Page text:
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By Edwin Goei
By Edwin Goei
By Edwin Goei
Longaniza With Your Taco?
Sometimes, culinary mash-ups just don’t work. I think it’s safe to say that pineapple on pizza has proved a success, but putting beans in your pho is pretty gross. The Kogi taco is already a Southern California mainstay; mustard in fessenjoon, not so much. And the first person to propose making a foie gras pupusa deserves a platter of Montezuma’s Revenge.
Adobo & Tacos in Orange seemingly doesn’t attempt anything adventurous—it sells Filipino and Mexican food, with no miscegenation advertised on the menu. The tiny spot is really a turo-turo joint, with the owners rotating Filipino dishes throughout the day according to demand and keeping the Mexican dishes of a previous ownership. Adobo, pork marinated in vinegar and as tender as the softest barbecue, sells fast (naturally), but they usually stock two trays of picadillo, sweetened ground beef mixed with potatoes, carrots and other vegetables that any Mexican will recognize. Also available are balut, purple-shelled duck eggs containing an embryo—great to gross out your barbarian pals, but a salty, briny, mushy pleasure to enjoy. And breakfast brings three types of silogs (Filipino breakfasts consisting of a meat, eggs, rice and tomato; Adobo offers juicy longaniza, crispy bacon or fried bangus for its meat selections) for less than four bucks. If you don’t eat a siopao (a massive dumpling containing Chinese sausage, a hard-boiled egg, barbecued pork and sauce) while eating in, take the two-buck treasure to go.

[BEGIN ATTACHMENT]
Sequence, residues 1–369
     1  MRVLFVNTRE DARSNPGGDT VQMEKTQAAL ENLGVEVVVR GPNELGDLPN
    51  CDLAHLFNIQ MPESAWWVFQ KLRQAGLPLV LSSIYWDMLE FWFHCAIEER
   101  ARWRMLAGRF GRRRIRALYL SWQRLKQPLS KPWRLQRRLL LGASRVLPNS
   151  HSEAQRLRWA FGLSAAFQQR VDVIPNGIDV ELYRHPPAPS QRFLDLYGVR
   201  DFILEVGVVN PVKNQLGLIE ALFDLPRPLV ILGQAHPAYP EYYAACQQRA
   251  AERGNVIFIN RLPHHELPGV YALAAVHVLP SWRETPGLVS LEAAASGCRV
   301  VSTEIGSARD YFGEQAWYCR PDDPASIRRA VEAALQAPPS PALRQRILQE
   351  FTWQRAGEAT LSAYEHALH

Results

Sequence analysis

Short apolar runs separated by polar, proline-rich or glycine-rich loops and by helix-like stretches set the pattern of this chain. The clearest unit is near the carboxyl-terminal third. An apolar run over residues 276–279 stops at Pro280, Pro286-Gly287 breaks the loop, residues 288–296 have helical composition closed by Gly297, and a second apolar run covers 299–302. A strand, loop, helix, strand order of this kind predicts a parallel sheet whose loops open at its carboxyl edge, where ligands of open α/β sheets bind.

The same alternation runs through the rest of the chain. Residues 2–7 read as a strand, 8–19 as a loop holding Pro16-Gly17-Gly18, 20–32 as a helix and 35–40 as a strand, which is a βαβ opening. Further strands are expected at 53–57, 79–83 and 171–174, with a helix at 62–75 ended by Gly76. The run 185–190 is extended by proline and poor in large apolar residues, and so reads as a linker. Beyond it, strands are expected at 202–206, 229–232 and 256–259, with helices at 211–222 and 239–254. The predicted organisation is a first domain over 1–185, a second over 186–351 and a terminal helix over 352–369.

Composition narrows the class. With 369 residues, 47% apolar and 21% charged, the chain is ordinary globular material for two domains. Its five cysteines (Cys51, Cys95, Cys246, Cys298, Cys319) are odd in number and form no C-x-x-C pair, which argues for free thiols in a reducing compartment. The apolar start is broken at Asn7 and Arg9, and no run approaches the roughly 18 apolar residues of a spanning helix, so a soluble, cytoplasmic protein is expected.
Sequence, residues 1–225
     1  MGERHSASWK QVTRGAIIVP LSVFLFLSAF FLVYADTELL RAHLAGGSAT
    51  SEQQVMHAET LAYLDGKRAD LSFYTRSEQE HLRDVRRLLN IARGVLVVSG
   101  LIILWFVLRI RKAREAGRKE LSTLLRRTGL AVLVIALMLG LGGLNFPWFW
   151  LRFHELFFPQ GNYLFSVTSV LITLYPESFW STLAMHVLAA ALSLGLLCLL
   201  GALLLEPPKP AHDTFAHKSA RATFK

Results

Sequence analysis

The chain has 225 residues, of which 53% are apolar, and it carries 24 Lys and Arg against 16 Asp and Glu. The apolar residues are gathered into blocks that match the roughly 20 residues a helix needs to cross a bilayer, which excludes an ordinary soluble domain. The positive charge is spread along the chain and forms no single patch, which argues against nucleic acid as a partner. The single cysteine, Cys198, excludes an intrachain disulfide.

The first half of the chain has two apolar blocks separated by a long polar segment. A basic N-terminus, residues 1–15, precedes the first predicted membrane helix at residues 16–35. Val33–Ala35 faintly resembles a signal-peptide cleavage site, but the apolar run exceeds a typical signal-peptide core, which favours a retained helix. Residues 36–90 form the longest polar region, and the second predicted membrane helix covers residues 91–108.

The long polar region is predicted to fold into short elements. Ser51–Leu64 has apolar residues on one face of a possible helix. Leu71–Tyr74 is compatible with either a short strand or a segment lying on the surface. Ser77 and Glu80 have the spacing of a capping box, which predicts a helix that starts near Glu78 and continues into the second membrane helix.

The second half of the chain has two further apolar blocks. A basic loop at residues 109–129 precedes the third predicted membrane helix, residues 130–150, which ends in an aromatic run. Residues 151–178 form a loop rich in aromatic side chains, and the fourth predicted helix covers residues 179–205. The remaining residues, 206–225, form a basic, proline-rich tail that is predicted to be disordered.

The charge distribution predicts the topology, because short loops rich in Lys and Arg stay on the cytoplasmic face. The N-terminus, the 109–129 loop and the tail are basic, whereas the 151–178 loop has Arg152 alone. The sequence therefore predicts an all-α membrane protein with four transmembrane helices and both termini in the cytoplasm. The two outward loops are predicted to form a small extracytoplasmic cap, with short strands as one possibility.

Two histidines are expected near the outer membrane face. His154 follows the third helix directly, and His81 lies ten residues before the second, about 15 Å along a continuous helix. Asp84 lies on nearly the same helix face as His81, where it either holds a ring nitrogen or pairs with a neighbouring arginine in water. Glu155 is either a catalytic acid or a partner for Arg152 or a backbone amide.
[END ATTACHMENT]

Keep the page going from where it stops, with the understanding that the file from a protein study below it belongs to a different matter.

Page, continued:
Honestly, the Mexican side of Adobo’s menu is lacking, and not just because half of the menu is already unavailable. No regional specialties here—expect the usual Tex-Mex selections of nachos, enchiladas, fajitas and tortillas. But the tacos surprisingly please, and not just because the owners cook the meat to order instead of letting it sit on the grill as at too many taquerias. The salsa they use burns; the tortillas aren’t small and are double-layered. Like Manny Pacquiao, another Filipino victory over inferior Mexican competitors.
Finally, the mixing. Tapatío on siopao works wonderfully, but make sure to splash it inside the dumpling since the outside is too smooth to properly soak it in. Tacos dunked in Mang Tomas sauce works, as the cane sugar in this Filipino condiment draws out the sweetness of the Mexican grilled meats and meshes well with the salsa’s heat. And if you want to order Filipino meats for your tacos and burritos? Such a thing is not on the menu, but the owner will gladly comply. Longaniza burrito? Mmmm . . .
Adobo & Tacos, 1639 W. Chapman Ave, Orange, (714) 937-5917.